Blending time-honoured expertise with innovation

Watchmaker Ernest “Nanny” Ramagoshi has dedicated his life to his craft. Now, he is passing on his skills to the younger generation at RLG Africa’s in-house training facility.

By Debbie Hathway

In the 80s, Ernest Ramagoshi was forced to stay at home for almost two years, a victim of the internal unrest and anti-apartheid riots of the period. Born in Mamelodi, a township established by the apartheid government east of Pretoria, now the City of Tshwane, how did this youngster find his way into watchmaking? He didn’t own a watch or read books on the subject, but he says that he had a vision of becoming a watchmaker during that home confinement. “It was a calling. And I think the one thing that inspired me was my grandfather. He had a Big Ben desk clock. I used to wind it for him every night at 6 o’clock.”

Eventually, Ernest was able to enrol in Vlakfontein High School in Mamelodi West, one kilometre from his home, where he could study watchmaking. The institution is long closed. With the global industry facing a shortage of watchmakers due to retirees outnumbering trainees graduating and the volume of watches in circulation having increased thanks to turbocharged online sales during the pandemic, he worries about passing on his skills. “I want to give my knowledge to people who want to repair watches. Eventually, it’s going to die; it will disappear if I can’t pass it on.”

Ernest has worked in the watch industry for almost four decades, starting with the Swatch Group for 15 years before moving to RLG Africa. Now he spends most of his time training his team of fourwatchmakers in movement repairs, case polishing, and waterproofing for luxury timepieces from the Group’s various maisons, travelling to Switzerland for refresher courses, and sharing his experience. “With my years, I can say I’m a master – I can repair a lot of calibres. I can do anything… that’s what being a master watchmaker means.”

According to the Federation of the Swiss Watch Industry, “Swiss watch exports reached their highest-ever monthly level in November 2023, at almost 2.5 billion francs. This record value was achieved thanks to growth of 3.1 per cent compared with November 2022.”

That’s a lot of watches, requiring a lot of experts to look after them. The advantage of having workshops like RLG Africa’s in South Africa is a faster turnaround and reduced expense, although some timepieces must unavoidably be sent abroad for certain repairs. In the meantime, clients can reduce associated frustrations by taking better care of their watches and learning how to use them properly. “Take a mechanical watch like the IWC Portugieser Perpetual Calendar, for example. When you buy it, you must learn how it works. If you don’t, it’s a mess. If you set the day or the year wrong, you can’t go back to reset it – you have to wait for the following day or year, or you must come to us to open the watch again,” he says.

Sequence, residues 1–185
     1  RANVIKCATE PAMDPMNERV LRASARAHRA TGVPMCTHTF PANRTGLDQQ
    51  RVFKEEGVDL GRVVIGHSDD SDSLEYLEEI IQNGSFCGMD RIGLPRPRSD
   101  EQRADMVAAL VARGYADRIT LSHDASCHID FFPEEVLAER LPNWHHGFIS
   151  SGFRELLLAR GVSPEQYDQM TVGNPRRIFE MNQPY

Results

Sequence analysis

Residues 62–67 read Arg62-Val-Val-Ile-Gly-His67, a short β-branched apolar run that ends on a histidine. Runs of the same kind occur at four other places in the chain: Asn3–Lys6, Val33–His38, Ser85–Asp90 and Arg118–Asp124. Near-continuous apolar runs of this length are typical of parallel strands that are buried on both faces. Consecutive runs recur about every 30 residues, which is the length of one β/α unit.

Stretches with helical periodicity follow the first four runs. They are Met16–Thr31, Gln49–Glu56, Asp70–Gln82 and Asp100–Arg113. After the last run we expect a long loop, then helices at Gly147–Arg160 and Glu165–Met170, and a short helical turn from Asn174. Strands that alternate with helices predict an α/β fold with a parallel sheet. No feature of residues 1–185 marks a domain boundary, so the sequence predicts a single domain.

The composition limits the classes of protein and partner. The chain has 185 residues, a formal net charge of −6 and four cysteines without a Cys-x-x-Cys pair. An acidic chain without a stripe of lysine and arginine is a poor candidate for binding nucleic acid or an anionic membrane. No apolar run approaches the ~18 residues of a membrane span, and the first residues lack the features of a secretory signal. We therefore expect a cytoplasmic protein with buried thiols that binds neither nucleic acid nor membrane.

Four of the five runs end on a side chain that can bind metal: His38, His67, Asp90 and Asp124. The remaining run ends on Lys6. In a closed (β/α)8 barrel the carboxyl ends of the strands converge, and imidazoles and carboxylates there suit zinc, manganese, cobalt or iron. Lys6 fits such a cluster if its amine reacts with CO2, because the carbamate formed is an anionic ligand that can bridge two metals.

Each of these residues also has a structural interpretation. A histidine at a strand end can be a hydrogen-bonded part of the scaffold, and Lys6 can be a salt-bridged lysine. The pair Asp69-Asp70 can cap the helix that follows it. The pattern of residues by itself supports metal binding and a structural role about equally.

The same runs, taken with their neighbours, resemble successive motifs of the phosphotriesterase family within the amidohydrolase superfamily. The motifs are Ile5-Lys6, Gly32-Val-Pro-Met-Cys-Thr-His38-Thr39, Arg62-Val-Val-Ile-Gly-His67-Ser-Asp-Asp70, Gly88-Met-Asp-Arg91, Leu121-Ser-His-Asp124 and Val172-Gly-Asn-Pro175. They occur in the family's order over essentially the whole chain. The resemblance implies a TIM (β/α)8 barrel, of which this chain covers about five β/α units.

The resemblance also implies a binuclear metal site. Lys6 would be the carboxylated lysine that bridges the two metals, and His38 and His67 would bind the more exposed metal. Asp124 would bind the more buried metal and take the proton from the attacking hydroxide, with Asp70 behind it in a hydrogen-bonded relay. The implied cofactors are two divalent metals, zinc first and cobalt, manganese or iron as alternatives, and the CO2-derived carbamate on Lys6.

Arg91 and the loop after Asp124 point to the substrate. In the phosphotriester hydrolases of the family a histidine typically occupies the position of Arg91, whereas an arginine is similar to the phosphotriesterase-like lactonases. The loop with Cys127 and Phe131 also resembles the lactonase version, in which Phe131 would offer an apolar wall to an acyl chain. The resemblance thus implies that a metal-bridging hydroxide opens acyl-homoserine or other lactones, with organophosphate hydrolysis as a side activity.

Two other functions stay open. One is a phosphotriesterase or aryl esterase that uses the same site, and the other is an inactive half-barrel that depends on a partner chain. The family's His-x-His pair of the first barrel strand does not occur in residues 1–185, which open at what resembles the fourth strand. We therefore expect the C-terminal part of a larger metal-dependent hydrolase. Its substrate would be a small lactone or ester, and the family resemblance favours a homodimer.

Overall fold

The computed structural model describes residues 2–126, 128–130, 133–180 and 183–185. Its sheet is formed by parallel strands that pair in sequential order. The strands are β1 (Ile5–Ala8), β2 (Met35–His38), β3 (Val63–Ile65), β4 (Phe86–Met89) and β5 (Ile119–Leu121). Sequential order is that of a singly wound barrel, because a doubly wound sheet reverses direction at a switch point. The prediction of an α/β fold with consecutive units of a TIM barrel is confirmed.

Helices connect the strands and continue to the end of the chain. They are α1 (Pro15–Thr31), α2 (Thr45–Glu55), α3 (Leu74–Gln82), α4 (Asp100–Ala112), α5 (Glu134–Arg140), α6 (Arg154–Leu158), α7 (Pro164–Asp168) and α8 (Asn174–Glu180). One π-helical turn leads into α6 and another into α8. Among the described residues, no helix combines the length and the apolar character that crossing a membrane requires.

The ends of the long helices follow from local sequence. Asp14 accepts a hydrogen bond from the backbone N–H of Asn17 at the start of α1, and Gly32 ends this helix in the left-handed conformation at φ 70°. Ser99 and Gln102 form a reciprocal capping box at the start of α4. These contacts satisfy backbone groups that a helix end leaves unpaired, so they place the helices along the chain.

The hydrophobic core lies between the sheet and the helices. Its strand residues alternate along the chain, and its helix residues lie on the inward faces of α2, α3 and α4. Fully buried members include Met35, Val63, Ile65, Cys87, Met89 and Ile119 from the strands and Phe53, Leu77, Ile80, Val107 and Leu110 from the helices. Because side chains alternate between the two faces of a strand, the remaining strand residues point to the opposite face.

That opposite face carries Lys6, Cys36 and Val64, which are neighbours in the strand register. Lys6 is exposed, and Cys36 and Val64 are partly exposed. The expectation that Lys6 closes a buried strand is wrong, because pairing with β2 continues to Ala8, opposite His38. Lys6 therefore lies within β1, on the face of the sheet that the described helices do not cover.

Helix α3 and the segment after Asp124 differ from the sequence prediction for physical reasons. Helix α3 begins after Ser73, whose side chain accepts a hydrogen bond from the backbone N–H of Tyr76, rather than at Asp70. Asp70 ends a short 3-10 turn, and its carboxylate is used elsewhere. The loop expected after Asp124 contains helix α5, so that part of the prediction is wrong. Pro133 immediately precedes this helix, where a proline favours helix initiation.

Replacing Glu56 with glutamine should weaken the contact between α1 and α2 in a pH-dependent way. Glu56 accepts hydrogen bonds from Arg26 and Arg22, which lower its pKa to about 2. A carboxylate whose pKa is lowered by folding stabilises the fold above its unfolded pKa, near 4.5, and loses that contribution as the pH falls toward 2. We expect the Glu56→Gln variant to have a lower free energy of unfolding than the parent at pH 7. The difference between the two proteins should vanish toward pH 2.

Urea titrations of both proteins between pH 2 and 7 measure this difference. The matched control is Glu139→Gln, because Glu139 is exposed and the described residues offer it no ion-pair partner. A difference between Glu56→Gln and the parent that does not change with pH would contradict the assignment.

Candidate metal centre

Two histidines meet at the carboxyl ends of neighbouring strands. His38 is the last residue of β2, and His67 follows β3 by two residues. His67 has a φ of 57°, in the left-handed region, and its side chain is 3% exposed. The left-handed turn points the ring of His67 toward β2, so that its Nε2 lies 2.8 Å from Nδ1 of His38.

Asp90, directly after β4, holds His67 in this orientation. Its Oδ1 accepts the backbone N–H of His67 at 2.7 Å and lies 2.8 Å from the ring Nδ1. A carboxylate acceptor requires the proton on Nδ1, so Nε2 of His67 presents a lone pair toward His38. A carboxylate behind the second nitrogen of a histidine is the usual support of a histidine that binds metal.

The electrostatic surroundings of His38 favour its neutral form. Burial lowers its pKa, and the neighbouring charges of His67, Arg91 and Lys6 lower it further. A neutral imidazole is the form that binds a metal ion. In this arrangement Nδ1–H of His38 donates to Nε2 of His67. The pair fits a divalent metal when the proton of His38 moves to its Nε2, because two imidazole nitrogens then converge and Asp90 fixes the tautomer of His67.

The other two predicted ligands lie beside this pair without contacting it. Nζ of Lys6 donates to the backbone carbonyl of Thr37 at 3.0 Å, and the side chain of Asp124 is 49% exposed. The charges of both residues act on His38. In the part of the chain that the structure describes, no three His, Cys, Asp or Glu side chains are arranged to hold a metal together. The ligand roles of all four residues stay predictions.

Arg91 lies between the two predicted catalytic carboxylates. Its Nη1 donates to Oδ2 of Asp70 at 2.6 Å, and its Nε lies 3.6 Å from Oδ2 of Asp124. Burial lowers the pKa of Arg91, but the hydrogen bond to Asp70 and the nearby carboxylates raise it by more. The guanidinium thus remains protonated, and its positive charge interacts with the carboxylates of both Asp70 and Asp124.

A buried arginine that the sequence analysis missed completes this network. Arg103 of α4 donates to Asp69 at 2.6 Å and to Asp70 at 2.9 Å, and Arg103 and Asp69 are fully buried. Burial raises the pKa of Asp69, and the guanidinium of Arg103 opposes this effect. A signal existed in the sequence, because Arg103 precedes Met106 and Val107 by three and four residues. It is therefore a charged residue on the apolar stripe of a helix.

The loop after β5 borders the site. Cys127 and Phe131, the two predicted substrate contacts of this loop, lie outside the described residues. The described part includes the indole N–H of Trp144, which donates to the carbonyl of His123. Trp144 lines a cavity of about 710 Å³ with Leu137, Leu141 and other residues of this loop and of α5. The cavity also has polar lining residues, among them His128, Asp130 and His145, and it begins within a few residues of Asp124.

Another tip for owners of IWC Pilot’s automatic watches with a day and date function is to take care when changing either one. “If a month has fewer than 31 days, you need to set the date manually on the first day of the following month. You do that by releasing the screw on the crown and pulling it out to the first position. The date can now be set by turning the crown to the right. The day will be changed by turning the crown to the left in the same position. (This adjustment is also called the rapid advance or quick change). We always advise clients not to use the rapid advance function between 8pm and 2am because the movement wheels are already engaging to automatically change the date during this period.”

A simple thing like the ritualistic winding of a manual watch with the same number of rotations at the same time every day can make all the difference. “A manual watch will eventually stop when you don’t wind it yourself. And you can’t just wind it whenever – it must get used to the mainspring in the barrel being tightened at a certain time. If you overwind it, you can break the mainspring or some of the parts,” says Ernest.

He recalls a client complaint about his automatic watch stopping working overnight, “probably because it didn’t accumulate enough energy during the day. It’s because he was not active enough.”

An automatic watch has an oscillating weight (rotor) that winds the main spring through the movement of your wrist. “But we can’t advise people to walk,” he laughs. “Sometimes people working on their laptops all day simply aren’t active enough. They should wind the watch regularly so that it will keep going if they do not move around much during the day. What I don’t like is people putting automatic watches on winding machines and leaving them there for months. It’s not right. Watches have different types of winding requirements. If the grease in the movement dries up, there is too much friction, or the ball bearings get worn out, the watch will need a service, which will cost a fortune.”

What does he love to work on most? “You know, I’m a watchmaker. I even repair Chinese watches. I just like watches and making them work. Even clocks. If you give me a clock, I will repair it. I can’t leave it,” he smiles.

He shows me the Panerai Luminor Marina on his wrist, admiring the in-house ETA manual wind movement. “That’s what I like. It is fantastic to work on, the engineering, you see. Another very good watch is the IWC Portugieser Tourbillon Retrograde Date. It is very reliable.” 

Both his favourite watches to wear have sentimental value – the Luminor Marina was a 10th-anniversary gift, and a Jaeger-LeCoultre Master Control honours his 20th year with RLG Africa. Set in stainless steel with a white dial and fastened with a brown leather strap, this is arguably his pride and joy, manufactured by who he considers the “masters of watchmaking”. 

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